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Article Moldova: Ban on Use of Communist Symbols

(Nov. 28, 2012) On July 12, 2012, the Moldovan Parliament adopted legislation banning the use of communist symbols. The law came into effect on October 1, 2012. (Communist Symbols Entirely Banned in Moldova [in Russian], VITEBSKII KURIER (Oct. 2, 2012); Law No. 192 of July 12, 2012, 646: 190-192 MONITORUL OFICIAL [official gazette, in Moldovan], Ministry of Justice website.)

On August 12, 2012, the Parliament adopted another act, the Decree on the Historical and Legal-Political Assessment of the Totalitarian Communist Regime in the Moldovan Soviet Socialist Republic, inspired by a number of Parliamentary Assembly of the Council of Europe resolutions and declarations of international organizations. (Decree No. 191 of August 12, 2012, 610:181-184 MONITORUL OFICIAL, Ministry of Justice website.) The Decree was based on a report prepared by a commission set up in accordance with Moldovan Presidential Decree No.165-V of January 14, 2010, on Research and Assessment of the Totalitarian Communist Regime in the Republic of Moldova. (Raport Analitic: Comisia Pentru Studiera si Aprecierea Regimului Comunist Totalitar din Republica Moldova [in Moldovan] (July 2, 2010).)

The newly adopted Law amends the Law on Political Parties to prohibit the use of symbols of the former totalitarian communist regime, such as the hammer and sickle, and the use by political parties of any object with these symbols. Propaganda about totalitarian regimes is also banned under the Law. (Law No. 192.) The Law also adds a new article 67 (1) to Moldova’s Code of Administrative Violations, which punishes propaganda about and the use of symbols of the former totalitarian communist regime, if such use pursues political goals, as well as propaganda about totalitarian ideologies, with a fine in the amount of Moldovan Leu MDL100-150 (about US$162-203) for natural persons and MDL300-500(about US$487-811) for legal entities (id.). The ban does not extend to possession or display of Soviet-period medals and military decorations. (Veterans: Medals and Decorations Show Pride and Memories of the Past [in Russian],PUBLICA.MD (Oct. 23, 2012).)

Reactions to the Law

Mikhai Gimpu, the head of the ruling parliamentary coalition, stated that the Law is “a great present to those who suffered from the Soviet regime.”(Igor Dodon: The Totalitarian Communist Regime Condemnation Law Is Directed Against the Communist Party [in Russian], ALL MOLDOVA (July 12, 2012).)

In the view of the Socialist Party of Moldova, the Law is directed against political opposition, and especially that of the Communist Party of Moldova, which still uses the Soviet-era symbols (id.). Vladimir Voronin, the head of the Moldovan Communist Party, said that the Party will in no way abandon its symbols, in spite of the ban. (Voronin Confirmed No Abandoning of Hammer and Sickle [in Russian],VESTI, (Aug. 24, 2012).)

Concerns about the Law were also expressed in Transnistria, a separatist region that Moldova claims as part of its territory but that proclaims itself to be an independent country (no other country has recognized it as such), which has the hammer and sickle depicted on its flag. (Ekaterina Zabrodina: Hammer and Sickle Assessed: The Ban on Communist Symbols Shall Complicate Negotiations Between Tiraspol and Chisinau[in Russian], ROSSIISKAIA GAZETA, No. 5900 (227) (Oct. 13, 2012)). A member of the Transnistrian Parliament, Oleg Khorzhan, identified problems with the new law, saying, “[i]t turns out that if a Transnistrian resident goes to the street with such a flag, he will be subject to a fine, according to Moldovan laws, which de jure are in effect in Transnistria. Similarly, shall the Transnistrian President be fined if he pays an official visit to Chisinau?” (Id.)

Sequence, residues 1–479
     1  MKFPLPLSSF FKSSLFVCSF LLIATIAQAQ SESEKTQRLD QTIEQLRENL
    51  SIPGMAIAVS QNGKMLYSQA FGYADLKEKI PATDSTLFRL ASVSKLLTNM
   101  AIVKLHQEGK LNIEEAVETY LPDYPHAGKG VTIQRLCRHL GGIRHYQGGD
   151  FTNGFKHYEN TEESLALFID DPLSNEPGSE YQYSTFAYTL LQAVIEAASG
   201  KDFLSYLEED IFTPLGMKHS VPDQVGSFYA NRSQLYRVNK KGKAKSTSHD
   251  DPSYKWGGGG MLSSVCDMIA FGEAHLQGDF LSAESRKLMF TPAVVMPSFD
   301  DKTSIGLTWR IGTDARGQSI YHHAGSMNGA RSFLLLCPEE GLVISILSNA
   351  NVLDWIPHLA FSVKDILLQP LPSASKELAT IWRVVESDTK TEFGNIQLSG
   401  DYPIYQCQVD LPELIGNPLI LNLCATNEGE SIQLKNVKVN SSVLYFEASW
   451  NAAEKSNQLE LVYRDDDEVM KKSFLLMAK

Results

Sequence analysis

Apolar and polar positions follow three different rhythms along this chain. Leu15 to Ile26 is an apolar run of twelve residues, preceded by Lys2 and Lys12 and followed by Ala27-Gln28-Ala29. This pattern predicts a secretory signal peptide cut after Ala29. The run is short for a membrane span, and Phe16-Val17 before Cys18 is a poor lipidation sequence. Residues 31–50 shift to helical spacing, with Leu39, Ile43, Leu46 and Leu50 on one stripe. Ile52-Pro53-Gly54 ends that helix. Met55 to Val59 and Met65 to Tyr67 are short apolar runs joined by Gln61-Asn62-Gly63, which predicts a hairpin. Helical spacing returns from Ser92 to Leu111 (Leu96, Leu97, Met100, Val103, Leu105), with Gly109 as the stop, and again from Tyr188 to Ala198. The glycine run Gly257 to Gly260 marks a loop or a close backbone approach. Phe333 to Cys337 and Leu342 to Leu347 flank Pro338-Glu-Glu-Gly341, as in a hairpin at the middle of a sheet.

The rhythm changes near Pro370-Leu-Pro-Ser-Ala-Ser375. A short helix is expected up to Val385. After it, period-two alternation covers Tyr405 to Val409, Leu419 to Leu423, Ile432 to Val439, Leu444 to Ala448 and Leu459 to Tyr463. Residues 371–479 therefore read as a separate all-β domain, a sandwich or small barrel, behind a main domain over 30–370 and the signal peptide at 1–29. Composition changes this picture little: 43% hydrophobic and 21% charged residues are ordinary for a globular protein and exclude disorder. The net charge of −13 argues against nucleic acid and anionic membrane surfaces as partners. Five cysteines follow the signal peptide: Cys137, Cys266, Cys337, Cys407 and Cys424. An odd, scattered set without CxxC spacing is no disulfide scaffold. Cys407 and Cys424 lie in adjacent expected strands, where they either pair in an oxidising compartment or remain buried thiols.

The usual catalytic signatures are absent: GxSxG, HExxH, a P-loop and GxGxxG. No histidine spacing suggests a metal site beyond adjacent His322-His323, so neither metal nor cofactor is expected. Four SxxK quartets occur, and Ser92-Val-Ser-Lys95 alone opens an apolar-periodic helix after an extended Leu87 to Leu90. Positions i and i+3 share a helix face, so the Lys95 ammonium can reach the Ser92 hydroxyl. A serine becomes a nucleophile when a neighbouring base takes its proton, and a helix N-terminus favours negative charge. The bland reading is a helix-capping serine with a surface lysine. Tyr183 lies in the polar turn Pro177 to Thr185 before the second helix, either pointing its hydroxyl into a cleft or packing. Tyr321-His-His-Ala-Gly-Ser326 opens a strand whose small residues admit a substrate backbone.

The head of the Council of Europe’s Venice Commission (the European Commission of Democracy Through Law), Gianni Bukikkio, also voiced his dissatisfaction with the ban, calling it “an extremely unsuccessful idea.” (Council of Europe Does Not Support Ban on Communist Symbols [in Russian], RBC.RU (Oct. 10, 2012).)

Developments Since the Law’s Enactment

In September 2012, the constitutionality of legislation banning communist symbols was challenged by a group of Moldovan Parliamentarians. On October 4, 2012, the Constitutional Court ruled that it lacks authority to review the constitutionality of the abovementioned Decree, as it does not contain legal provisions subject to compulsory implementation. (Ruling Nr. 30a of Oct. 4, 2012, MONITORUL OFICIAL, Nr. 228, Item 19, Ministry of Justice website.) In regard to the constitutionality of the Law, the Constitutional Court has asked for consultations with the Venice Commission. (Constitutional Court Asked for Consultations [in Russian],MOLDAVSKIE VEDOMOSTI (Oct. 23, 2012).)

Although the Law is now in effect, the fines reportedly have not been imposed on alleged offenders, due to the lack of established procedures. (The Law Banning Communist Symbols in Moldova Is in Effect [in Russian], LENTA.RU (Oct. 1, 2012).) Commentators suggest that the Parliament should adopt legislation giving police the authority to deal with violators of the ban. (Id.) Nevertheless, the leader of the Communist Youth Movement in Moldova, Nikolai Kukharenko, was fined for displaying communist symbols during a rally on October 29. (Sanctions for Using Hammer and Sickle Are Void: A Lawyer [in Russian], OMG.MD (Nov. 1, 2012).)

Prepared by Virab Khachatryan, Law Library contract Foreign Law Specialist, under the supervision of Peter Roudik, Director of Legal Research.

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